When you’re busy and the budget is under pressure, it’s all too easy to put off doing maintenance around the house.
While not all house maintenance is essential, some certainly is and to defer it is to do so at your peril. It’s like going to the dentist. Deal with it before the problem turns into a large and expensive hole.
By and large, essential maintenance is about keeping water out and your home warm and dry. So when deciding what you can afford to leave until funds are available versus what simply cannot be ignored, think no further than subfloors, windows, doors, roofs and gutters; all places where damp can penetrate causing damage to the structure and discomfort to the inhabitants. All of these can be maintained by a handy person without complicated equipment and with common sense safety precautions.
According to BRANZ research about 40 litres of water evaporates from the soil under the average house every day, and much of it gets there by draining off driveways or parking areas. If this cannot drain or evaporate harmlessly to the outside, the floors above will be damp and cold, and eventually the foundation fasteners will rust, timber will decay and mould will grow.
Windows and doors, and the putty that keeps the glass sealed against water creep, are one of the first things to deteriorate and yet one of the easiest to care for. It’s best to stick to light colours when painting joinery so that heat build-up and therefore stress on the timber is minimised.
If the putty has cracked and hardened, scrape it out and replace it. Leave it to cure – putty is oily so needs to form a skin and then be primed with an oil based primer/undercoat, such as Resene Enamel Undercoat, before you can paint it – and then repaint.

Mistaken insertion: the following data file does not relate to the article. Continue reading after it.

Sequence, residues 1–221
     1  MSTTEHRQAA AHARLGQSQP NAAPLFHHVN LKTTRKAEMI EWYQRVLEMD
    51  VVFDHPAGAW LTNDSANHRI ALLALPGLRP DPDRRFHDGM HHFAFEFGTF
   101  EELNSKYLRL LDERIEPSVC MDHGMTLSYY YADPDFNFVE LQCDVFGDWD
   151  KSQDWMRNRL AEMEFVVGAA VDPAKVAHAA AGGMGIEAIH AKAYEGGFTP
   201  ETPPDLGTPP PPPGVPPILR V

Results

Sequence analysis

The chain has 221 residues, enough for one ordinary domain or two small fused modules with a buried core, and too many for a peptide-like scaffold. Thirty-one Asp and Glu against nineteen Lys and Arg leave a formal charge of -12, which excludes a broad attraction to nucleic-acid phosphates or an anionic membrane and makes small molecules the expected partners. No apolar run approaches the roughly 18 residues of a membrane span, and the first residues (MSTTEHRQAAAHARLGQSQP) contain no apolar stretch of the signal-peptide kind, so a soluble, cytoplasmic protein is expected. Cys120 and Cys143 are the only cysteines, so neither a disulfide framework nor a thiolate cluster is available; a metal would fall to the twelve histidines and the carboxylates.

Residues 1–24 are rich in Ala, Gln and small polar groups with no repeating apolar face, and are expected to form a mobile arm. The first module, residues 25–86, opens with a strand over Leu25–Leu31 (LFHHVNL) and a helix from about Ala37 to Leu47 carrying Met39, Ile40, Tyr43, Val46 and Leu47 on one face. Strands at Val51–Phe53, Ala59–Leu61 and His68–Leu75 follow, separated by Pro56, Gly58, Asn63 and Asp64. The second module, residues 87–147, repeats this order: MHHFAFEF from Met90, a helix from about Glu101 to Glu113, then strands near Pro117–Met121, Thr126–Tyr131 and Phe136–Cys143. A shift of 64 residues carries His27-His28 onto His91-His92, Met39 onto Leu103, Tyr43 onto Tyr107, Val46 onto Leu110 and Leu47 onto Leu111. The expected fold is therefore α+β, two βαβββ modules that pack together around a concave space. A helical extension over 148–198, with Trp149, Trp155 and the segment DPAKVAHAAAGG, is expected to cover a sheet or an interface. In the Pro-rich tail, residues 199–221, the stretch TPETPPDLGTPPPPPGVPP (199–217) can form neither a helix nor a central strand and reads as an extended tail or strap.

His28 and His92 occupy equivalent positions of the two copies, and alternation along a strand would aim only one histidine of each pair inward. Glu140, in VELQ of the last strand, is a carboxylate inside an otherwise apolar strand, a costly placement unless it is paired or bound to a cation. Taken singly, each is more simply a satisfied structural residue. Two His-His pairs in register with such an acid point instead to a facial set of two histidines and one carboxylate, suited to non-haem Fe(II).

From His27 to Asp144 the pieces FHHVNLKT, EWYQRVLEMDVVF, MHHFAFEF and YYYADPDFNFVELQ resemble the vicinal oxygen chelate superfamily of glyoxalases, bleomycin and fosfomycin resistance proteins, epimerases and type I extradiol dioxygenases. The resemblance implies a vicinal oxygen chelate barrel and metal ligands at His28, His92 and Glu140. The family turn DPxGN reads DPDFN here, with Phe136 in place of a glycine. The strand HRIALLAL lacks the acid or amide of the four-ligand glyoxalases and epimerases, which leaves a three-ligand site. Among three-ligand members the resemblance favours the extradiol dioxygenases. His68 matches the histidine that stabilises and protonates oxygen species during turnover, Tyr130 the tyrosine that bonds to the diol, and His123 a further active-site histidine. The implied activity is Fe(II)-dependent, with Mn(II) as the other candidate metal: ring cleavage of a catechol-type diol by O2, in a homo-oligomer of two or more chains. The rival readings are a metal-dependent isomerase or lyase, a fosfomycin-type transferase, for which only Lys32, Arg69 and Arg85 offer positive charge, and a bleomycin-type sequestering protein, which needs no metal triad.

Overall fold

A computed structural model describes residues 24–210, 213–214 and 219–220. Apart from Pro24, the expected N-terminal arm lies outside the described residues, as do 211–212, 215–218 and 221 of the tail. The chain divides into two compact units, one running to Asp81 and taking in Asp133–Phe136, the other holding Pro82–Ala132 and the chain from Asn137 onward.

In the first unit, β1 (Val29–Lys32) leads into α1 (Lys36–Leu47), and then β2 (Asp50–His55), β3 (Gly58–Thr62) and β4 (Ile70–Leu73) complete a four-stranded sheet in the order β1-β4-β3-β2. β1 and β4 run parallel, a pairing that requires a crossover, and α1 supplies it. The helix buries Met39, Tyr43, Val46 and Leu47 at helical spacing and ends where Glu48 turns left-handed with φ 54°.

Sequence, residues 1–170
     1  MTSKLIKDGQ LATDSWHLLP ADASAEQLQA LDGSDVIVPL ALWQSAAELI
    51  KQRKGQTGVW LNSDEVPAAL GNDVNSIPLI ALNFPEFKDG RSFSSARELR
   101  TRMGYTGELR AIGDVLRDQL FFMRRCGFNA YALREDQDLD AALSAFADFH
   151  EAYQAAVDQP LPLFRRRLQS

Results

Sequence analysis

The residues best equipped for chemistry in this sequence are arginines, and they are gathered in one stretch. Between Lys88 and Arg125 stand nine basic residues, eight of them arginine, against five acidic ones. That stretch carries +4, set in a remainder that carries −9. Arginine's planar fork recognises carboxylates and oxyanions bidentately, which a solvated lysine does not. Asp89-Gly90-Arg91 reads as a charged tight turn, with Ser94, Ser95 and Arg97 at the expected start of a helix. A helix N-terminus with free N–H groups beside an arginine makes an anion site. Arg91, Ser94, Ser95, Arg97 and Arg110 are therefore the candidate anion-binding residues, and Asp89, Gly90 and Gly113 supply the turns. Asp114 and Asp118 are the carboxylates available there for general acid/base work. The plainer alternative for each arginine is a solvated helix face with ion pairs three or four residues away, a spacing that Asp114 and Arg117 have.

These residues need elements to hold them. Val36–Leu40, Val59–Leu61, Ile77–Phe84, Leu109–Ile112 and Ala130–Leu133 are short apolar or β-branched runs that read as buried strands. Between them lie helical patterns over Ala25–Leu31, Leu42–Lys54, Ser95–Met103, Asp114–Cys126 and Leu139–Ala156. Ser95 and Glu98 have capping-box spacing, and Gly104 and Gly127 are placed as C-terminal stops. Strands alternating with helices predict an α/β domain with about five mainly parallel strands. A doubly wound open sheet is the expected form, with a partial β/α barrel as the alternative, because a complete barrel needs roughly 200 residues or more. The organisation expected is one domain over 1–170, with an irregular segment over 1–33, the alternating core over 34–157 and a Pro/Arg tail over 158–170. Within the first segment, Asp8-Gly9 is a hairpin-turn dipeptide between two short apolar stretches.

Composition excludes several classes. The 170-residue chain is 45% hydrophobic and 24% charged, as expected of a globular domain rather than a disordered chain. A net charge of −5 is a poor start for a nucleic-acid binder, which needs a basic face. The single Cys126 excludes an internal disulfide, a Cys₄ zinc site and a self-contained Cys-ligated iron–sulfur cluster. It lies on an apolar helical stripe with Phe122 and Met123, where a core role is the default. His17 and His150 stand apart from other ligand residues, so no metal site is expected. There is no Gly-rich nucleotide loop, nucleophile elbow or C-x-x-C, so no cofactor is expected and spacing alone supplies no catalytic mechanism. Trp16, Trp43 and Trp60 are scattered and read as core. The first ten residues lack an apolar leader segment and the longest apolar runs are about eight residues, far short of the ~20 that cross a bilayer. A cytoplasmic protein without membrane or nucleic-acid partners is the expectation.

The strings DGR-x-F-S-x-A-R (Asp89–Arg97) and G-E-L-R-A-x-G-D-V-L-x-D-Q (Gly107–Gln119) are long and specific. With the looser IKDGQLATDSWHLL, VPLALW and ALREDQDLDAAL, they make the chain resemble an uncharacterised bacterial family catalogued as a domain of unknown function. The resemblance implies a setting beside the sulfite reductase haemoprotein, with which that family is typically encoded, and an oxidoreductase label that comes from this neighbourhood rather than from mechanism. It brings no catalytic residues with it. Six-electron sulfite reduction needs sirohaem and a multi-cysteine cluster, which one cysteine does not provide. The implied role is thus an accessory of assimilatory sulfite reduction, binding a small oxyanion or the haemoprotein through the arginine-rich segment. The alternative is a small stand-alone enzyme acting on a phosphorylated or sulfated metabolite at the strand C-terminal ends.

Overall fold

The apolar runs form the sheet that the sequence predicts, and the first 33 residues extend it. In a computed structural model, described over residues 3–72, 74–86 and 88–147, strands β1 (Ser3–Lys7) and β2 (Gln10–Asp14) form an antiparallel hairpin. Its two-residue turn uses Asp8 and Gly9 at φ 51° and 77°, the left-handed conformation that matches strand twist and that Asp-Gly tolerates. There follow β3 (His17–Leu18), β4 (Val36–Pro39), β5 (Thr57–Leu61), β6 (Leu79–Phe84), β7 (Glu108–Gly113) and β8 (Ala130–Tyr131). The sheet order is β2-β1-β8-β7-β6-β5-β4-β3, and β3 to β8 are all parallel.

Sand any flaking paint off the timber, fill any dents or holes and repaint with a compatible Resene paint system. Any bare wood must be primed, then undercoated before two topcoats are applied. Traditionally, solventborne paints were preferred for use on joinery but new technology means that waterborne enamels, such as Resene Enamacryl gloss and Resene Lustacryl semi-gloss, now do a great job.
Concrete tile and corrugated iron are the most common types of roof cladding in this country, and are prone to failure in different ways. As the source of leaks is often notoriously hard to detect it is important to eliminate all the obvious causes.
Valley trays in concrete tile roofs are the galvanised iron ‘drains’ between different roof angles. If these are not wide enough they can block with leaves and overflow sideways. If this is the case, keep them clear but also consider getting them replaced as part of a long term upgrading programme.
If the concrete ridgeline holding the top row of tiles in place has broken down, get this replaced by a concrete plasterer and then reposition the tiles.
Older iron roofs were nailed, not screwed, so nails can rust or work loose over time. If your roof is not too steep or high, it pays to replace loose nails with roofing screws, and patch over the top of these. Replace roof areas where there are cracks, holes or severe corrosion.
Apply two coats of Resene Summit Roof, priming where required where bare iron has been exposed. Ensure any rust is treated – refer to your local Resene ColorShop for advice. For maximum protection, especially if the roof is in close proximity to the sea or harsh environmental conditions, prime with a specialist roof primer, such as Resene Galvo One or Resene Galvo-Prime. Resene Galvo One is recommended for badly weathered or very exposed roofing.